The European Emissions Trading Scheme (EU ETS) is a cornerstone of the European Union’s policy to combat climate change and a key tool for reducing industrial greenhouse gas emissions in a cost-effective manner. Established in 2005, it is the first large emissions trading system in the world and remains the biggest one. The EU ETS operates on a “cap and trade” principle.
Under this system, a cap is set on the total amount of certain greenhouse gases that can be emitted by facilities covered by the system. The cap is reduced over time so that total emissions fall. Within the cap, companies receive or buy emission allowances, which they can trade with one another as needed. Each allowance gives the holder the right to emit one tonne of carbon dioxide (CO2), or the equivalent amount of another greenhouse gas.
If a company emits more than its allocation of allowances, it must purchase allowances from other companies that have managed to emit less and have allowances to spare. Conversely, a company that takes measures to reduce its emissions can sell its excess allowances. This market-based approach is designed to find the most cost-effective ways to reduce emissions without significant government intervention.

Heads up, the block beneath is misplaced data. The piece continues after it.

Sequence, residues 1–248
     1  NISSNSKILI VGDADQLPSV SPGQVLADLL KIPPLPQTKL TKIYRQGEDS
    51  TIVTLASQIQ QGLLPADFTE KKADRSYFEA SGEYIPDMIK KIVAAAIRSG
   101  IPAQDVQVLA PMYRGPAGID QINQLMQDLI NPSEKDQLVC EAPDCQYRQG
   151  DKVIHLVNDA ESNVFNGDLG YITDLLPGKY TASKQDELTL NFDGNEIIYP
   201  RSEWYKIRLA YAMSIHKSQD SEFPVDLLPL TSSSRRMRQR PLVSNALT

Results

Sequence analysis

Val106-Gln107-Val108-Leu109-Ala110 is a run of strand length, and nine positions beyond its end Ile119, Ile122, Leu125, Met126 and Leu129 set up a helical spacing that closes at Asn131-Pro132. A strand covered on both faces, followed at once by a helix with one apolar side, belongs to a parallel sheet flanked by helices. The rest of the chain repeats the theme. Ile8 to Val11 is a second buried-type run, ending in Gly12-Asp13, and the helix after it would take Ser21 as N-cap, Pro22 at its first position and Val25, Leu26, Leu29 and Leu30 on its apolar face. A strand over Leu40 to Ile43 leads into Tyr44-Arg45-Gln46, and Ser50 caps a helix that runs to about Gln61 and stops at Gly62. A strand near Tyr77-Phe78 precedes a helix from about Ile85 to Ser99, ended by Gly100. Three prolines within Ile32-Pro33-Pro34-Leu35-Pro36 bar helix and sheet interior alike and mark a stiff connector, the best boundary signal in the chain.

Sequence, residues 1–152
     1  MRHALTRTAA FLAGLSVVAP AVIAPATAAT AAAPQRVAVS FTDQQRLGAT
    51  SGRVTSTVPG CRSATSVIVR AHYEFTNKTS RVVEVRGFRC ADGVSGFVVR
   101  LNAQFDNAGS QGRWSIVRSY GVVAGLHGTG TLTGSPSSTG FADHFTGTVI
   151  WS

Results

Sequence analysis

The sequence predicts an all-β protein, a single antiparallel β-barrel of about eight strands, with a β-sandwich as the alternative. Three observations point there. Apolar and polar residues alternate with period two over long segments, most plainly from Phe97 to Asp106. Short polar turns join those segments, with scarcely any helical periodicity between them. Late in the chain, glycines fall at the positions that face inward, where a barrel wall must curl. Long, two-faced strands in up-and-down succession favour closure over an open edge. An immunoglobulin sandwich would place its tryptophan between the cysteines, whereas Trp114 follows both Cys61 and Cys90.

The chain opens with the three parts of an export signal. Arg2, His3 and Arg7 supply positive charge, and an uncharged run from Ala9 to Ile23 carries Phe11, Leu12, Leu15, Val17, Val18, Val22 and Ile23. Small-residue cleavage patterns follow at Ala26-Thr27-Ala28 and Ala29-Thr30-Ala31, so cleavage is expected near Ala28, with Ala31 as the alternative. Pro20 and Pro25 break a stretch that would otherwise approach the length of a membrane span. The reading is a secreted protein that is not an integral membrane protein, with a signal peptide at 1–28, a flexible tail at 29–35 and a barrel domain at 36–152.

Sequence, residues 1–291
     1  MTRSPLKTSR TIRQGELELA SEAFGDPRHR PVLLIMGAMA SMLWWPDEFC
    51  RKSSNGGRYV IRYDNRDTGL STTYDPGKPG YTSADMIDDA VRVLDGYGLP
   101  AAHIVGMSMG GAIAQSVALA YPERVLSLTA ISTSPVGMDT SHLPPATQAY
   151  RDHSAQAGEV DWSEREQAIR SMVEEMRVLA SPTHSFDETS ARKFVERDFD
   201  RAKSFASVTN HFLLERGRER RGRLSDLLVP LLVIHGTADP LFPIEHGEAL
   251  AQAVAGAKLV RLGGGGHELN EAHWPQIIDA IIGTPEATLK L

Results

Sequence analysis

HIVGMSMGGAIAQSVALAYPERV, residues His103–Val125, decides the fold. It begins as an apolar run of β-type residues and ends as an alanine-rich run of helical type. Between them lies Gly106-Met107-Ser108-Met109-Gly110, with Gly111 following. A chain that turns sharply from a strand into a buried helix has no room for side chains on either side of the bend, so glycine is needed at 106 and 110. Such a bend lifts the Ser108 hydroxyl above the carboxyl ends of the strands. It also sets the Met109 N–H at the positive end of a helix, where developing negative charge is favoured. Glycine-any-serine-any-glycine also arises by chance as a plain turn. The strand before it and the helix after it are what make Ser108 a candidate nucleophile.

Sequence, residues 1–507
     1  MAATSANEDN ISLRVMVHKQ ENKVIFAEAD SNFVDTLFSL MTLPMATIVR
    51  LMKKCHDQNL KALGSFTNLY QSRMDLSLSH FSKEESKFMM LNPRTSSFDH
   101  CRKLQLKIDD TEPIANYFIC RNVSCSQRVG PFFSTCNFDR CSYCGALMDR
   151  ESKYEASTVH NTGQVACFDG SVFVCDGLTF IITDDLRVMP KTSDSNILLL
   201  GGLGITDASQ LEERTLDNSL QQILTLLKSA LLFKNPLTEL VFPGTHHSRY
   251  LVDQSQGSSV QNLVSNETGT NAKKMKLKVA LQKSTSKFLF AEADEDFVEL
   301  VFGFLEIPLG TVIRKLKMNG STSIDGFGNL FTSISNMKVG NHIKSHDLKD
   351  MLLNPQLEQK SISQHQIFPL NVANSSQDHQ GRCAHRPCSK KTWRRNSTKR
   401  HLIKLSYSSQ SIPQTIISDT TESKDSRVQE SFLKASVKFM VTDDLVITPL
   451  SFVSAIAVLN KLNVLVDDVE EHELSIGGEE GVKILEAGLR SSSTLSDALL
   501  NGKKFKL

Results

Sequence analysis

The scheme covers more than 11,000 power stations and industrial plants across the 27 EU countries, as well as airlines. Sectors included are power generation, manufacturing industries, and commercial aviation (flights within the EEA). The EU ETS is meant to incentivize companies to invest in low-carbon technologies by increasing the cost of emitting carbon.
For further information about the European Emissions Trading Scheme, you can visit:
1. The European Commission’s page on the EU ETS, which provides an overview of the system, relevant legislation, and how it works:
2. The EU ETS Handbook prepared by the International Carbon Action Partnership (ICAP) offers a comprehensive guide to the system including its design, functioning and effect on reducing emissions:
Please note that the availability of these websites may change over time, and you should check to ensure that the links remain active when accessed.
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